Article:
The primary obstacle faced by underwater photographers is the extreme loss of color and contrast when submerged to any significant depth. The longer wavelengths of sunlight (such as red or orange) are absorbed quickly by the surrounding water, so even to the naked eye everything appears blue-green in color. The loss of color not only increases vertically through the water column, but also horizontally, so subjects further away from the camera will also appear colorless and indistinct. This effect is true even in apparently clear water, such as that found around tropical coral reefs.

http://en.wikipedia.org/wiki/Underwater_photography

That 10% that penetrates to 90 m is all blue.

• on January 21, 2011 at 3:18 am TimTheToolMan

“That 10% that penetrates to 90 m is all blue.”

Of that I’ve no doubt, but I cant see why the rest of the wavelengths shouldn’t be distributed in a relative fashion to the 90m. And thats quite a different result from essentially all of it being absorbed in the first 5-10m or so.

…and as far as I can see depends on the clarity of the water and isn’t a property of the absorbtion of the molecule H2O.

• on January 21, 2011 at 3:45 am TimTheToolMan

Having done a bit more research and having thought on it… the only thing I can come up with is that the “light” is actually UV and extreme UV and for whatever reason the atmosphere was letting a lot through on the day it was measured so that it could account for 10% of the total SI.

It still doesn’t feel right, though.

• It can’t be all UV. Otherwise you couldn’t see at 90 m, which you can if the water is clear enough.

• “It can’t be all UV. Otherwise you couldn’t see at 90 m, which you can if the water is clear enough.”

OK, well if thats the case then unless there is yet another factor at work here, the temperature profile offered by SoD (with the relative depth given of about 2m for about 90% absorbtion) must primarily be due to impurities.

And so that means that daily ocean heating is influenced to a large extent by ocean water clarity. Its not inconceivable that long term heating would be effected as well.

Thats not a result you see quoted much.

• 90% in 2 m does seem a little too quick. But water clarity isn’t going to affect the total absorption, it just affects the depth profile. The heat will still have to get back to the surface. The other thing to consider is that the 10% transmitted to 90 m probably only refers to the visible part of the spectrum. All the IR is going to be absorbed very close to the surface. So in terms of total power, it’s probably less than 5% transmitted to 90 m.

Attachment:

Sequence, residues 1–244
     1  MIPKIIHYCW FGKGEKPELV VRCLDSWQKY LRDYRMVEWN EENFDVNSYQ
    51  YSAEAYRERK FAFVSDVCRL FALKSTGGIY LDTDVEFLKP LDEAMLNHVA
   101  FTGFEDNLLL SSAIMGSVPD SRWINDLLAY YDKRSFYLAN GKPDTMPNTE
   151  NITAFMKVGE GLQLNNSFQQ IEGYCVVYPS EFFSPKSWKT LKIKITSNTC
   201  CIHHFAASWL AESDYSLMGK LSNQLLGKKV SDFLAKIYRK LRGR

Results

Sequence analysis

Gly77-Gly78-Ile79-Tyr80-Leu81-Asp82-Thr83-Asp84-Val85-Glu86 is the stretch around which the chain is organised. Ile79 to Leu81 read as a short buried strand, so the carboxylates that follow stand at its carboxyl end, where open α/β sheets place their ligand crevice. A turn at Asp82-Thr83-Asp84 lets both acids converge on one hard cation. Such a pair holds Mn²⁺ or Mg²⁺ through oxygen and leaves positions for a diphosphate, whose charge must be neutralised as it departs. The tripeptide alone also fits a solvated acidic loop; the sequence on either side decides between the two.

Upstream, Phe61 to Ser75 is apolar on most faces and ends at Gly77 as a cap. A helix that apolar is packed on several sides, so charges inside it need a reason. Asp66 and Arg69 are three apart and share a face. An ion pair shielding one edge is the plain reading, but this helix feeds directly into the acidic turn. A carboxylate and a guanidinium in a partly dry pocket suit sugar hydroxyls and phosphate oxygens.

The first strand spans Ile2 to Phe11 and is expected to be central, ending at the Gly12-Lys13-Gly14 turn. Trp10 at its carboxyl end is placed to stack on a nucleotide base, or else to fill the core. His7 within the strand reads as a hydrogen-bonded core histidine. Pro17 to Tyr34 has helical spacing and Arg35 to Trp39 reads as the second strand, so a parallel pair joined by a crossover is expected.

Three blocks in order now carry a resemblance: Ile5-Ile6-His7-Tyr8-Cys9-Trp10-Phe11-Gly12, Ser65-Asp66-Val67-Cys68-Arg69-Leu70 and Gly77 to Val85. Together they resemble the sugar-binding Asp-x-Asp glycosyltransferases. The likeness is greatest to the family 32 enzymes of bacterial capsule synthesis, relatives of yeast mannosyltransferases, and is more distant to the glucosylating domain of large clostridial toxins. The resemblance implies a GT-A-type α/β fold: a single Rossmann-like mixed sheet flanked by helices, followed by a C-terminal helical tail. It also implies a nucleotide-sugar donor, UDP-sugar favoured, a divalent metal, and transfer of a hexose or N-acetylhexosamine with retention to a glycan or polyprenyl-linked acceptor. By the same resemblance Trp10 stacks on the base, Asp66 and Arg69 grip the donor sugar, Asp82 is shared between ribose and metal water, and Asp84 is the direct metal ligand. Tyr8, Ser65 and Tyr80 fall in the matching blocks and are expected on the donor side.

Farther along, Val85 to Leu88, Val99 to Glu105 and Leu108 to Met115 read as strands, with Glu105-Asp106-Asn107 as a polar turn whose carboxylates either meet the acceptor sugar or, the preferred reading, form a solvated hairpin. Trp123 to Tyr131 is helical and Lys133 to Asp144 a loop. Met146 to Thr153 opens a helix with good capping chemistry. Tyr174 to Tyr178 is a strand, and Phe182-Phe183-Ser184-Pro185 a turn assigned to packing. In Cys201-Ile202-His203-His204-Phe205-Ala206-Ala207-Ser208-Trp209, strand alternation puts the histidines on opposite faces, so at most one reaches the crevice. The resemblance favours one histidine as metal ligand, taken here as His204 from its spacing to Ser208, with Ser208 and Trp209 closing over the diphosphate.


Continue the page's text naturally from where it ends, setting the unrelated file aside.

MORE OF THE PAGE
If anything, turbid water will absorb less energy because it reflects more than clear water.

• on January 22, 2011 at 9:47 pm TimTheToolMan

DeWitt write : “90% in 2 m does seem a little too quick.”

Yes, its actually more like 20m which is still well short of the 90m it can get to.

“But water clarity isn’t going to affect the total absorption, it just affects the depth profile.”

Yes, but its heat moving to the depths that is the only way to “keep it in the ocean”. If its not in the depths, then necessarily the SST must increase and I didn’t think there was an actual trend observed for that…

“So in terms of total power, it’s probably less than 5% transmitted to 90 m.”

Could be. The website quoted 10% for “light”. If you add UV then its more. Take off IR and its less…but either way, that much energy at that depth is significant.

“If anything, turbid water will absorb less energy because it reflects more than clear water.”

There are SO many complicating factors aren’t there!

27. According to the model outlined by “science of doom”, the upper layer of the surface is free of convection. Heat is transported though this layer by conduction, exclusively. Since the thermal conductivity of water is relatively low, this throttles the escape of heat from the ocean to the air and thus out from the Earth system into space.